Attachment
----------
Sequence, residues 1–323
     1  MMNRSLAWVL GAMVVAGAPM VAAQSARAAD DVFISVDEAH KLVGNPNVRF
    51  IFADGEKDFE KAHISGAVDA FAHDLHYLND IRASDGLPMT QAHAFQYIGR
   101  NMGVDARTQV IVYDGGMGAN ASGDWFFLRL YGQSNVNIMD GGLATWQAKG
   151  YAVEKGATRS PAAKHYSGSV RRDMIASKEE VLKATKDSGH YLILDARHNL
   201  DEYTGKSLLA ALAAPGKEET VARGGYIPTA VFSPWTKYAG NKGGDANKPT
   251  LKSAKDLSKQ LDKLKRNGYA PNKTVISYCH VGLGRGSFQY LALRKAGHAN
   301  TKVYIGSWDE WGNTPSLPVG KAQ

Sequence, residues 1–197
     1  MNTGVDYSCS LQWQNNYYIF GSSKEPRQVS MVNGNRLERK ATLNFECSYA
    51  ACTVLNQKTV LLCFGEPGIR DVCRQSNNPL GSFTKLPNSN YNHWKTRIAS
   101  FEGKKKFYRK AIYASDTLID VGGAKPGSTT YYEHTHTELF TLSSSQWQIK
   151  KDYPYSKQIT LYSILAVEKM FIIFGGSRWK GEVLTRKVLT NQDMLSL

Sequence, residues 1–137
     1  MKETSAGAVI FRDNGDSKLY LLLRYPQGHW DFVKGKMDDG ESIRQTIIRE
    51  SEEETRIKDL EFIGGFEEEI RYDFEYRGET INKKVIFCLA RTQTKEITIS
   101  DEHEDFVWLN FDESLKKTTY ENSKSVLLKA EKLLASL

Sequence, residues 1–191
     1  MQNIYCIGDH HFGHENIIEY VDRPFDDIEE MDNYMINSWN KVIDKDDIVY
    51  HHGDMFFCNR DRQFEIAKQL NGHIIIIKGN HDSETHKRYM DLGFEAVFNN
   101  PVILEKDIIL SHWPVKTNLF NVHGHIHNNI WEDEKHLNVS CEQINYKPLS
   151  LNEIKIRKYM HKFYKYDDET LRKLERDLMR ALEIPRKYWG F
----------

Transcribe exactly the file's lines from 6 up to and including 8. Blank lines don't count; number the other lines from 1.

   201  DEYTGKSLLA ALAAPGKEET VARGGYIPTA VFSPWTKYAG NKGGDANKPT
   251  LKSAKDLSKQ LDKLKRNGYA PNKTVISYCH VGLGRGSFQY LALRKAGHAN
   301  TKVYIGSWDE WGNTPSLPVG KAQ